Froome was forced to abandon the Tour de France on the fifth stage on July 9 after falling from his bike three times in two days, breaking his wrist and hand.
“This is exactly the sort of challenge that I need after the disappointment of withdrawing from the Tour de France,” Froome told CyclingNews. “You can’t dwell on disappointment, you have to move on quickly to next thing and the Vuelta has become the perfect race for me to focus on.
“I’ve always really enjoyed racing at the Vuelta, it’s a tough race but a great opportunity for the whole team. I know that the level of competition will be incredibly high this year, but we’ve got a strong line up so we hope to be as competitive as possible.”
Froome finished second in the Vuelta in 2011 and fourth in 2012, the last time he competed there.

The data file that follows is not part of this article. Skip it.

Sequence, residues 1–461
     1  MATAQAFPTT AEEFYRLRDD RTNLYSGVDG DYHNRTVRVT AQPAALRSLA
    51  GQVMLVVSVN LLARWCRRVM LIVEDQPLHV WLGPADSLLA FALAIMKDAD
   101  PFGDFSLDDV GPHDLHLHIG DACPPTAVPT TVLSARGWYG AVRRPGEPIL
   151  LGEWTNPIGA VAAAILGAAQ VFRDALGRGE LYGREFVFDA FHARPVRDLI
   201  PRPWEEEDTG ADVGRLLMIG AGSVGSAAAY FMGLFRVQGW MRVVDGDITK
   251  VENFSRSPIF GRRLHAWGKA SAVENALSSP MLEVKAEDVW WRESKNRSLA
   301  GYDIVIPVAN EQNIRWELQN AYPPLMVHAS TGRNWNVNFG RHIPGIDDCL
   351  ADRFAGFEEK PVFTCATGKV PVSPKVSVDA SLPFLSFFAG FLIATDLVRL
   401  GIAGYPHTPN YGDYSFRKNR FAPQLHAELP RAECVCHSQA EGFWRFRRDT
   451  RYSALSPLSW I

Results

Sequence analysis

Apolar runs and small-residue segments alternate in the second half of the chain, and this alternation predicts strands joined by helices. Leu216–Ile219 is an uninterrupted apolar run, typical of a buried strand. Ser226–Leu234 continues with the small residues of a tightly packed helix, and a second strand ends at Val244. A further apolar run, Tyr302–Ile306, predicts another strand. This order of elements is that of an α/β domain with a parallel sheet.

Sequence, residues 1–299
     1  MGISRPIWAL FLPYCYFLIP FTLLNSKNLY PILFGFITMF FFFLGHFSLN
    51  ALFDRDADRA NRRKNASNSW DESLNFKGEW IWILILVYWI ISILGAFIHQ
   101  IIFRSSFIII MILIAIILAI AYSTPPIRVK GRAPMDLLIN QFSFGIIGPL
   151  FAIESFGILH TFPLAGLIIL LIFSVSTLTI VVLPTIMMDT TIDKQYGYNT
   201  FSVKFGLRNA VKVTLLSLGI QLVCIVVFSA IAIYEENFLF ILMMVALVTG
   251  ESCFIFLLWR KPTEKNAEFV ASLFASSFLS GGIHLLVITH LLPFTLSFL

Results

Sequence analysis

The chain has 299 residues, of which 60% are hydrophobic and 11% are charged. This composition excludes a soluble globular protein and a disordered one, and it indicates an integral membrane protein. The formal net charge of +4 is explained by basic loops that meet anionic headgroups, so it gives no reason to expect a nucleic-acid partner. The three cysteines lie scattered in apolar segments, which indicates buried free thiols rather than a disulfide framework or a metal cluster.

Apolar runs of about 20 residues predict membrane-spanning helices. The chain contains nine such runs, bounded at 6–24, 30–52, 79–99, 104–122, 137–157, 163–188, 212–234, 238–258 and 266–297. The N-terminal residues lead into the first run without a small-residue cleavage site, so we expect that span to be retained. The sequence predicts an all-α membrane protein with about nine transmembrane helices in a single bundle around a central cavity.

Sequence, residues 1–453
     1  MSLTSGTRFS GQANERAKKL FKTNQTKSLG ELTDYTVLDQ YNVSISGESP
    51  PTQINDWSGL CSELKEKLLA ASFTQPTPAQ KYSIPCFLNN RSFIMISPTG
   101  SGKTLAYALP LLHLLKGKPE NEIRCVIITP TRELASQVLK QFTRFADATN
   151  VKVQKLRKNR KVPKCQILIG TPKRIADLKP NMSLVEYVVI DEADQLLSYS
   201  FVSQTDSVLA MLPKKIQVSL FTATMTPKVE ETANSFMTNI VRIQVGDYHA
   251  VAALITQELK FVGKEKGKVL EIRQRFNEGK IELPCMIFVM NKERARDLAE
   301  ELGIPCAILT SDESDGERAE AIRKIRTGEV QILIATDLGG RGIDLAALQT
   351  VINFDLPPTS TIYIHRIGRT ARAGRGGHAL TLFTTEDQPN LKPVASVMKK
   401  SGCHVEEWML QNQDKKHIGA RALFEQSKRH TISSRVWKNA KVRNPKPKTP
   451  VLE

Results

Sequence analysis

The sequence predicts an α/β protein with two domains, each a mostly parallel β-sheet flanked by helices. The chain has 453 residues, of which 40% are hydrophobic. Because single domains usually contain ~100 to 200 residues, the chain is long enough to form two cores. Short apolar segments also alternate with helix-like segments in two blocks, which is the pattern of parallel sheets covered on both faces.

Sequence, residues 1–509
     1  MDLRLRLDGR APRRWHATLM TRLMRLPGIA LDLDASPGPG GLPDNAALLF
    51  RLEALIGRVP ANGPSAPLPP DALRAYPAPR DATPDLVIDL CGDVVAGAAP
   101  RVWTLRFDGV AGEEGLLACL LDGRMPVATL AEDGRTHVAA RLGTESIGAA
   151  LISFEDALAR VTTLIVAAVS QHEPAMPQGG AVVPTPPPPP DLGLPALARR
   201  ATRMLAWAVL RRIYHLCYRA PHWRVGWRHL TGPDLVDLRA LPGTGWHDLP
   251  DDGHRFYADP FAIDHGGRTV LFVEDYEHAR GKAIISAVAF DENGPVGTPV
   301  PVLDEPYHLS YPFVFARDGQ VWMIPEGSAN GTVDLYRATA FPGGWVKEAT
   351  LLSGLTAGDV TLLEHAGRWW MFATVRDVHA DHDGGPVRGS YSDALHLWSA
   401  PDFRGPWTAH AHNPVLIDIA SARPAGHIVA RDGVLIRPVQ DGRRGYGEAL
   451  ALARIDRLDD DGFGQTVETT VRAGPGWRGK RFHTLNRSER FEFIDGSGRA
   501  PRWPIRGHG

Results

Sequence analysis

Froome’s withdrawal from the Tour de France, followed by that of Tinkoff-Saxo team leader Alberto Contador with a broken leg, ended a highly anticipated fights for cycling dominance between what are arguably the two best riders of this era.
Contador announced last Thursday that he would be competing in the Vuelta, but said he would be hoping for a stage win at best; he hadn’t had enough time to regain his full form after breaking his tibia in July. Possibly Contador is being coy, and is actually on fine form; more likely he is being totally honest, and will be riding for his Spanish fans, not for the GC win.
Sky’s lineup for the Vuelta, the third and final 21-stage Grand Tour of the 2014 cycling season, includes Team Sky’s full line-up includes Philip Deignan, Mikel Nieve, Vasil Kiryienka, Kanstantsin Siutsou, Christian Knees, Dario Cataldo, and British riders Luke Rowe and Peter Kennaugh. 2012 Tour winner Bradley Wiggins will stay home to focus on defending his Tour of Britain title.
The 2014 Vuelta a España begins on Saturday with a team time trial in Jerez de la Frontera.